As described above, certain components of the VMM code and/or data structures may be architecturally required to reside in the same address space as the guest OS to enable the VMM to intercept the guest OS's accesses to hardware resources. For instance, for the IA-32 instruction set architecture (ISA), when guest deprivileging is used to ensure control of the VMM over the guest OS's accesses to hardware resources, an interrupt-descriptor table (IDT), which includes pointers to trap handling routines, is architecturally required to reside in the same address space as the guest OS. One embodiment of the present invention that supports guest deprivileging will be described in greater detail below in conjunction with
In one embodiment, the VMM code and structures are divided into two portions. The first portion of the VMM includes a set of code and/or data structures that are required to reside in the address space of the guest OS, i.e., in the VM address space 204. The second portion of the VMM includes the remainder of the VMM code and data structures. In one embodiment, a software program (referred as a virtual machine kernel 210) collects a minimal set of the VMM code and/or data structures that are required to be located in the same address space as the guest OS. The remainder of the VMM code and data structures is compiled as a separate program and located in the VMM address space 202. The virtual machine kernel (VMK) 210 then maps itself into both the VM address space 204 and the VMM address space 202.
Subsequently, when the guest OS attempts to access a region occupied by the VMM code and/or data structures in the VM address space 204, the VMK 210 detects this attempt of the guest OS. In one embodiment, the VMK 210 receives control over an event initiated by the guest OS if this event may potentially cause an address space conflict between the guest OS and the VMM. Guest deprivileging or any other hardware or software mechanisms known in the art may be used to transfer control over such an event from the guest OS to the VMM code and/or data structures residing in the VM address space 204.
The VMK 210 then evaluates this event to determine its cause. Upon detecting that the event was caused by the attempt of the guest OS to access the region occupied by the VMM code and/or data structures, the VMK 210 re-maps itself into a different region within the VM address space 204 to allow the guest OS to access the region previously used by the VMK 210. One embodiment of a method for relocating the VMK 210 within the VM address space 204 is described in greater detail below in conjunction with
Next, a first address space (i.e., VM address space 204) is created to hold code and data structures of the guest OS and other guest software (processing block 306), and a second address space (i.e., VMM address space 202) is created for the VMM code and data structures (processing block 308). In one embodiment, these address spaces are created during the boot process.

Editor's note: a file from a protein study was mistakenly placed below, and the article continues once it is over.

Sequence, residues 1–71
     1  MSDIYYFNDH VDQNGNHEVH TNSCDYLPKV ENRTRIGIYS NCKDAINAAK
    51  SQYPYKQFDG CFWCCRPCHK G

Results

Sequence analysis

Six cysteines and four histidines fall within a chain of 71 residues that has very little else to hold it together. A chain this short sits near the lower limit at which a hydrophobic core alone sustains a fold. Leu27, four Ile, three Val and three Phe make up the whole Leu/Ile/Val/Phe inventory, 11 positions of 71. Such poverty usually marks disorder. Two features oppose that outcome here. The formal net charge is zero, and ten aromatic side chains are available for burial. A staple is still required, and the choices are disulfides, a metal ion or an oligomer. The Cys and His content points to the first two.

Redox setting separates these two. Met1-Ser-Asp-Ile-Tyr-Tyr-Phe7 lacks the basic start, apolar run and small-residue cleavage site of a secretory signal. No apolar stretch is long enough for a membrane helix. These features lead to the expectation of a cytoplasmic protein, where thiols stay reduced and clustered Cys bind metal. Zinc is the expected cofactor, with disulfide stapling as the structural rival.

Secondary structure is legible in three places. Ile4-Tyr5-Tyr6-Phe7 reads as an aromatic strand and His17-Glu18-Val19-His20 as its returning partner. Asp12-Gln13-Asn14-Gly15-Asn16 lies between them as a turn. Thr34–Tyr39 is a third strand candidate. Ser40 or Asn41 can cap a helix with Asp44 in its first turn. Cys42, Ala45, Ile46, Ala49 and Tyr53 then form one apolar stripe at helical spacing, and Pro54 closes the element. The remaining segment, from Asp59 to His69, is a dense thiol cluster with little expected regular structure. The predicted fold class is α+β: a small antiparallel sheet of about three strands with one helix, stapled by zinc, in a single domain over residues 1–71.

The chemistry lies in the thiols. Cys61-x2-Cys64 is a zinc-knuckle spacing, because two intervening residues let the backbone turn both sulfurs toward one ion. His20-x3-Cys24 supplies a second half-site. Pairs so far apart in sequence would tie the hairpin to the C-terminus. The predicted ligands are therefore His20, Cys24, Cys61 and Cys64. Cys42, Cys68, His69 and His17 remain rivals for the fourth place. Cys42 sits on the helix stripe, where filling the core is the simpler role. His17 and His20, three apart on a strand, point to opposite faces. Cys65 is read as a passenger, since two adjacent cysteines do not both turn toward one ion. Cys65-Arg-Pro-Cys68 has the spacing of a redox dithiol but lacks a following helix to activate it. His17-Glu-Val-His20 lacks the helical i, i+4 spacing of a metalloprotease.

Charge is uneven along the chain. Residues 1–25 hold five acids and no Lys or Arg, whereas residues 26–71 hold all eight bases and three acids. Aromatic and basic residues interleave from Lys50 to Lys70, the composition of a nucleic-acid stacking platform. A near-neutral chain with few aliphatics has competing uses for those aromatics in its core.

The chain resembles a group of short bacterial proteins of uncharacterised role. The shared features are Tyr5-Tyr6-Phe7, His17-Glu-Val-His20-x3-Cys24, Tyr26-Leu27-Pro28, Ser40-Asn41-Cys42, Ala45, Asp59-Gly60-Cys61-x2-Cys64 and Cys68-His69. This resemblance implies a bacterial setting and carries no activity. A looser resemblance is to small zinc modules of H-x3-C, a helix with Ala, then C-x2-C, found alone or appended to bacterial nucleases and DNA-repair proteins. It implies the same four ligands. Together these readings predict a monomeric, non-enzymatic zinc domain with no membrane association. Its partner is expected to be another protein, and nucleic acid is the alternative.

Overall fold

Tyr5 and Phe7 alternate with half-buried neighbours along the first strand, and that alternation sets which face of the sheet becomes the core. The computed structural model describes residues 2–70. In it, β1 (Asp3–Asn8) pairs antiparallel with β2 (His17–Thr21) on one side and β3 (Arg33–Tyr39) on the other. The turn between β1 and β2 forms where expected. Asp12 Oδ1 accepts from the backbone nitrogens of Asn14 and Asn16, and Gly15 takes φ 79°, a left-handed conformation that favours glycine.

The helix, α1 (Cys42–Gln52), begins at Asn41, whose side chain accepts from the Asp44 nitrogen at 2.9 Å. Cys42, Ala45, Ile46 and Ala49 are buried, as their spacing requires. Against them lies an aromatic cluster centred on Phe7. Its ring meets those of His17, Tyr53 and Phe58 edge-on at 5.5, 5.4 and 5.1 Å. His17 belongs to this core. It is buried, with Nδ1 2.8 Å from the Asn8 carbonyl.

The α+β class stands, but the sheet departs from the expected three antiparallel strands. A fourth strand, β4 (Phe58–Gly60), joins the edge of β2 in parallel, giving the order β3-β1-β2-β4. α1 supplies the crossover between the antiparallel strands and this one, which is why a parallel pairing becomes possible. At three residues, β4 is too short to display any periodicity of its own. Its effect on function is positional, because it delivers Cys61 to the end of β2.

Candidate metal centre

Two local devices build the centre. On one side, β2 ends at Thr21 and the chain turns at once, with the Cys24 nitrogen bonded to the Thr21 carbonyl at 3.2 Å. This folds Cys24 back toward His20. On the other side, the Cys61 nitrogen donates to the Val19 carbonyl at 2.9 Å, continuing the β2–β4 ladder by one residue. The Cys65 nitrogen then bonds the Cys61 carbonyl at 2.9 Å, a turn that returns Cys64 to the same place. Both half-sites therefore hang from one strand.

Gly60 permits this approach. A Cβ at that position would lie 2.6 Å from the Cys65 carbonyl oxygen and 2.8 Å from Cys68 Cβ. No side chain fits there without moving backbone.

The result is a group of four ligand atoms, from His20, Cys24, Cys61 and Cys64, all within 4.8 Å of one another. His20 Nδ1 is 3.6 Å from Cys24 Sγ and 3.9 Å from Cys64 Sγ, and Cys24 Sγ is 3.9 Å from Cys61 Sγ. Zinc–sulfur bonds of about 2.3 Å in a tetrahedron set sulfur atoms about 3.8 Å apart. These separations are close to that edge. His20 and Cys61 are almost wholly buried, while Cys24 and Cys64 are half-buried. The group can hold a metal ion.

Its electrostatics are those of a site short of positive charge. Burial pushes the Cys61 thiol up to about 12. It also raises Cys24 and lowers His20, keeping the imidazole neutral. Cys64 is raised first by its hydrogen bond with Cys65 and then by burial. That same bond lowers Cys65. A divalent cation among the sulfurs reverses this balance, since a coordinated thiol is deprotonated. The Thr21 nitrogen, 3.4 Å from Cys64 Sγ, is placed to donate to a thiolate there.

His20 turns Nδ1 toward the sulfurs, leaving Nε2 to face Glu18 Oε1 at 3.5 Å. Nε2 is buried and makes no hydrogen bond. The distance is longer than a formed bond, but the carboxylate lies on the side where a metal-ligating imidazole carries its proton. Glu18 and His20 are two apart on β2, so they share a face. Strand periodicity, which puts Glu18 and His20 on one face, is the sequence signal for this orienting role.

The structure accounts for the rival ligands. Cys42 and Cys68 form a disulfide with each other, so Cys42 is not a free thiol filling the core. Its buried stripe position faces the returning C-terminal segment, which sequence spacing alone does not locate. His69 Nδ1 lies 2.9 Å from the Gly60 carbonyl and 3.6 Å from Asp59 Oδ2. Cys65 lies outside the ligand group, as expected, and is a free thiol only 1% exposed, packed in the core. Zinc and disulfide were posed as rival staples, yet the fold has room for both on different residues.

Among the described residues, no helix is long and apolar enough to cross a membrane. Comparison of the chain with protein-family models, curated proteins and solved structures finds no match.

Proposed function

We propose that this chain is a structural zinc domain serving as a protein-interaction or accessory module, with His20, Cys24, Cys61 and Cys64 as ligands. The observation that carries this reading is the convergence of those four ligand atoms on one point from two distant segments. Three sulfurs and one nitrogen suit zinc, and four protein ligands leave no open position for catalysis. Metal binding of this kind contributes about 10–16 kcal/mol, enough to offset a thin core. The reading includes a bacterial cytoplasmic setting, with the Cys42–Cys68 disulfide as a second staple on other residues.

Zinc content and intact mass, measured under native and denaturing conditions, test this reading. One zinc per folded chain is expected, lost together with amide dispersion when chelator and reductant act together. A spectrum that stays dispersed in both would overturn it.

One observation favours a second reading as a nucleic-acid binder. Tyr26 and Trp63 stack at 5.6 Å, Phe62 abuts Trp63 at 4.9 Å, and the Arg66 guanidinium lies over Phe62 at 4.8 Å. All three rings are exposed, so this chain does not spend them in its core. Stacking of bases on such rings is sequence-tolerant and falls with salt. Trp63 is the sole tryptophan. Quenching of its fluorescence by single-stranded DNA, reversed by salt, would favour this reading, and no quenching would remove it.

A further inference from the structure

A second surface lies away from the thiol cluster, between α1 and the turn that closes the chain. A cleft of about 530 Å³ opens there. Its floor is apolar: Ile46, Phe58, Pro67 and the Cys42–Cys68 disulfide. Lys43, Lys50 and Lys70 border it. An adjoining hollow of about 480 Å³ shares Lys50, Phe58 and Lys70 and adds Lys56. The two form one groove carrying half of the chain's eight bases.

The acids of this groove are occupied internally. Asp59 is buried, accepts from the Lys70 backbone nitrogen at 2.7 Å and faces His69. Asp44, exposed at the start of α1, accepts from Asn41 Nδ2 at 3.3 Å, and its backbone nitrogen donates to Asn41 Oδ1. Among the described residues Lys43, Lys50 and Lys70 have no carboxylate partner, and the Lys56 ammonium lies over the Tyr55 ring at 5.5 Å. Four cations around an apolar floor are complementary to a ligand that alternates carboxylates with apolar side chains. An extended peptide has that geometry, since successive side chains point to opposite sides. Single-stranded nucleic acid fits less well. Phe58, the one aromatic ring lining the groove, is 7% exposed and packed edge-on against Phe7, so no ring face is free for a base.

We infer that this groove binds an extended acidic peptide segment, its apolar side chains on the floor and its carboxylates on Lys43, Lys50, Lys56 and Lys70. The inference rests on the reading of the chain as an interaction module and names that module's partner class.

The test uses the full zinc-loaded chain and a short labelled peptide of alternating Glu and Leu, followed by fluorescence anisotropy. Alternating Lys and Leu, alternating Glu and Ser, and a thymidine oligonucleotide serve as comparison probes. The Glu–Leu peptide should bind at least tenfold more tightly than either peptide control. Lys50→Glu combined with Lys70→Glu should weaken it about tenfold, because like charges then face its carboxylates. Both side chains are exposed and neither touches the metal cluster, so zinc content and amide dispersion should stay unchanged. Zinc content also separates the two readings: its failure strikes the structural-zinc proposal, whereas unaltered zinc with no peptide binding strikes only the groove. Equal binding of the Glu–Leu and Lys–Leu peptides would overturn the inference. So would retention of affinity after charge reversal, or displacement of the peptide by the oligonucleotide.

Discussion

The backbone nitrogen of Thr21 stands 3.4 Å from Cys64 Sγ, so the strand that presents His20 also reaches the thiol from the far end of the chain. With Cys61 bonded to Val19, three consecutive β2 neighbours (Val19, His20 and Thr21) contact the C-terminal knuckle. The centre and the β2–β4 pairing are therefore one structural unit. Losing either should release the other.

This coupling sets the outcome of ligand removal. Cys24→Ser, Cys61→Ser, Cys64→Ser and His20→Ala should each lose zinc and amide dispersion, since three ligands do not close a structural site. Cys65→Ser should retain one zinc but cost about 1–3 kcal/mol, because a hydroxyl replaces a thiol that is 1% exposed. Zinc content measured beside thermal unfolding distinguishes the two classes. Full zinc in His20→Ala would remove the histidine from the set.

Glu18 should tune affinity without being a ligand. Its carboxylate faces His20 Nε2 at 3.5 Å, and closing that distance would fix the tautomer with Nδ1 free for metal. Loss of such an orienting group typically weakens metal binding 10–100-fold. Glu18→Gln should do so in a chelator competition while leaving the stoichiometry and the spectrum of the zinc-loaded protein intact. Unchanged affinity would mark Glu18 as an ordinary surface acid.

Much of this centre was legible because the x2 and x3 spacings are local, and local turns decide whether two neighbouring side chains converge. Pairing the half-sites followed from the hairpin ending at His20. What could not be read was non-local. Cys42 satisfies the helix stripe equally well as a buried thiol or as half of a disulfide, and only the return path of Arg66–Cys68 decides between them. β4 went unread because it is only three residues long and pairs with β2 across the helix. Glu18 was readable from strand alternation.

Further, the first portion of the VMM is mapped into both the VM address space and the VMM address space (processing block 310), and the second portion of the VMM is loaded into the VMM address space (processing block 312).
At processing block 314, an attempt of the guest OS to access a region occupied by the first portion of the VMM is detected. In one embodiment, such an attempt is detected by transferring control over an event initiated by the guest OS to the first portion of the VMM if the event may potentially cause an address-space conflict between the guest operating system and the VMM. One embodiment of detecting a potential address space conflict is described in greater detail below in conjunction with
Afterwards, at processing block 316, the first portion of the VMM is relocated to another region within the VM address space to allow access of the guest OS to the region previously occupied by the first portion of the VMM. Any subsequent attempt to access the new region occupied by the first portion of the VMM will again result in its relocation within the VM address space. One embodiment of a method for relocating a VMK, which contains the first portion of the VMM, is shown in
Alternatively, if no unused region exists in the VM address space, i.e., the guest OS has used the entire VM address space, then a random region is selected within the VM address space (processing block 412), the content of the memory located at the selected region is copied to a buffer in the VMM address space (processing block 414), and the VMK is remapped into the selected region in the VM address space (processing block 416). Subsequent memory accesses to this selected region (i.e., new VMK region) are serviced through emulated memory accesses from the buffer in the VMM address space that contains the original content of the new VMK region. In one embodiment, the frequency of such emulated memory references may be reduced by periodically relocating the VMK to random regions within the VM address space until a region is found that is infrequently used.